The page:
Taxpertise Tips - Bonnie Lee


Tax tips for kids with summer jobs

Dear Bonnie:  I’m 17 and I just landed a summer job at a restaurant on the Plaza. Do I have to pay taxes on the tips I’ll be getting? I’ve heard two different stories about that. Also, how many exemptions should I take on this W4 form I got from my boss? Thanks.

Jason, Sonoma

Hi Jason, thanks for writing. First of all, pretty much everything you make will be considered taxable income. This includes bonuses and commissions as well as tips. If you make more than $20 per month in tips, report the amount you make to your employer. He will calculate and withhold payroll taxes from your paycheck. Sometimes you’ll get tips in the form of cash and sometimes they will be added to a charge slip when the customer pays by credit card. Make sure there is no misunderstanding with your employer. He may already be recording and calculating the tips from the credit card receipts. You may only need to inform him of the cash tips you receive.

If the summer job is your only employment for the year, if it’s only going to yield you a couple of thousand bucks, and your parents will be claiming you as a dependent then when you fill out the Form W4, claim “exempt” on line 7.

According to the IRS, any money that you earn, no matter how old you are is subject to taxation. Kind of a drag, I know. So maybe you’re a hustler and you earn money from self-employment activities such as mowing lawns, designing websites, or babysitting. You must pay report the income on Schedule C of Form 1040. You will be required to file a tax return if the earnings exceed $400. If you make less than that, you don’t need to file.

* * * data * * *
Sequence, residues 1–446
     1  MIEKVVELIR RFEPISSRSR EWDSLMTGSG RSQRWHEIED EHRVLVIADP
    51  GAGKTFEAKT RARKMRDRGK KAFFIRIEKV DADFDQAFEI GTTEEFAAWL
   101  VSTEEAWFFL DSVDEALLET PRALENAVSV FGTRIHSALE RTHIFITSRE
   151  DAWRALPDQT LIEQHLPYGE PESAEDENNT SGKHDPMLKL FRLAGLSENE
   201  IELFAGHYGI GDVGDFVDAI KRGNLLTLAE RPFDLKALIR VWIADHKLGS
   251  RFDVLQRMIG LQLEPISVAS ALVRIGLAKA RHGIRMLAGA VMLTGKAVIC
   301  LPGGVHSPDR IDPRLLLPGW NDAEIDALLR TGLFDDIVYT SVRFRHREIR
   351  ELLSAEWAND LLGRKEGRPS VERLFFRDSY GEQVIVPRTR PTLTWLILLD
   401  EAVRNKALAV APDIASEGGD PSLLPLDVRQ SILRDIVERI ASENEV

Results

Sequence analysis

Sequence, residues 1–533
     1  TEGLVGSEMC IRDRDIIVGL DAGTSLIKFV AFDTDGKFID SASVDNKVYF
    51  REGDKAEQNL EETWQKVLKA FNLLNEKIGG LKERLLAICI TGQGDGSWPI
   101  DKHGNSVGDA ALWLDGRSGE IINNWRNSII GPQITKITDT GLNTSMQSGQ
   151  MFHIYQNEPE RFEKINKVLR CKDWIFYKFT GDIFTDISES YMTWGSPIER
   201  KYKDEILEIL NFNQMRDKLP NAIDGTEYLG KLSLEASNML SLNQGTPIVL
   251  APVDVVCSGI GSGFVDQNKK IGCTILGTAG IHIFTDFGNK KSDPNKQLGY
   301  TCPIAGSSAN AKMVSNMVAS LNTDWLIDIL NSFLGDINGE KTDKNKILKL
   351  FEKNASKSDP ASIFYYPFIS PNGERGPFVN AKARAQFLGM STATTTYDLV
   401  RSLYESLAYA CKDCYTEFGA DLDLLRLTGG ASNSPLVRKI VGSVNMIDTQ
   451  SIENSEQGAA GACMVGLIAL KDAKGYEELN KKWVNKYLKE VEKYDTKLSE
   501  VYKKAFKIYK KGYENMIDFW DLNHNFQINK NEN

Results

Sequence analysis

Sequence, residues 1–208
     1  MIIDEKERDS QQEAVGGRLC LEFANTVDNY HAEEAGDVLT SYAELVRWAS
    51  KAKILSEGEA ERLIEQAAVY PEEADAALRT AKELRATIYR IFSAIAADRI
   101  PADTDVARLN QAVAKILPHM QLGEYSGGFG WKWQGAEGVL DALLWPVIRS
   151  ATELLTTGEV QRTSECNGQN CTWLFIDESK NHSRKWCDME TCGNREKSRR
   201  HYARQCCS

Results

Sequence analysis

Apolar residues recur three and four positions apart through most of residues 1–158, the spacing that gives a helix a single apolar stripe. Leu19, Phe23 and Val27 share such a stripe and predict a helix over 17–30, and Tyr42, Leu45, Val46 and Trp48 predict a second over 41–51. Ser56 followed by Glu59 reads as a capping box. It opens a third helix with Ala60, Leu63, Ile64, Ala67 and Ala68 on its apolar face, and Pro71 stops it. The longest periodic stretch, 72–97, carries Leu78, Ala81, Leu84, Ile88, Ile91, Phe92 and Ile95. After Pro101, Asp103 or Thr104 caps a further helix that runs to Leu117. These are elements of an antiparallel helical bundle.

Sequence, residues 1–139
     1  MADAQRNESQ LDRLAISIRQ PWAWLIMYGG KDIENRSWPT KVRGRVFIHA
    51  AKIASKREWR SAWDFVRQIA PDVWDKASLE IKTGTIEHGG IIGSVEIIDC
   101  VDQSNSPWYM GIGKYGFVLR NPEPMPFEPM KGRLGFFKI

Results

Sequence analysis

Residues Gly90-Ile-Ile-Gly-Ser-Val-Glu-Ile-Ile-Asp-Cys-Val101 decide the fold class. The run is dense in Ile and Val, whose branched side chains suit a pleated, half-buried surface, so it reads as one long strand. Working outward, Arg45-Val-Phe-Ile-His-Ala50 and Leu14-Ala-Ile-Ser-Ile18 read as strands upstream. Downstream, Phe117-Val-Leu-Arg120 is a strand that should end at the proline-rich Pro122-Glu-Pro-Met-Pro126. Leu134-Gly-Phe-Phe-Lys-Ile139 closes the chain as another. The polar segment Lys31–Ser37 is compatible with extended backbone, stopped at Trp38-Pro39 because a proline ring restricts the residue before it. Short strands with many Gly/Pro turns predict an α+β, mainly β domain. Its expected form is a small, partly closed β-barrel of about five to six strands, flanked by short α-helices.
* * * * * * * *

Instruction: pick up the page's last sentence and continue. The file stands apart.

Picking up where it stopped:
You likely won’t owe any income tax but you will be required to pay self-employment tax, which funds your social security and Medicare accounts. Self-employment tax is computed at 15.3% of your profit. You may deduct any business expenses from the profit before paying the self-employment tax. It would behoove you to learn what expenses qualify as deductions. The IRS states that all “ordinary and necessary” business expenses can be deducted. Here are a few examples to help you make determinations:

1. You babysit for a family and you decide to take the kids to an amusement park at your expense. The amount you pay for admission, refreshments and other costs for the kids that aren’t reimbursed by their parents can be deducted as well as mileage if you drove them to and from in your own car.

2. You mow lawns and garden for your neighbor. At the end of the summer you buy him an azalea bush as a gift. This is a valid business expense.

3. You design websites and to do so you had to buy a laptop and special software. You may be able to deduct only a portion of the laptop if you did not use it 100% for business and you can write off the full cost of the software.

For more information on taxable versus nontaxable income, check out IRS Publication 525 Taxable and Nontaxable Income . If you’re a student, you might want to browse Tax Information for Students. And if you need to find out whether or not you are required to file a tax return, read Publication 501.

Bonnie Lee is an Enrolled Agent admitted to practice and representing taxpayers in all 50 states at all levels within the Internal Revenue Service. She is the owner of Taxpertise in Sonoma, CA and the author of “Taxpertise, The Complete Book of Dirty Little Secrets and Hidden Deductions for Small Business that the IRS Doesn’t Want You to Know.”

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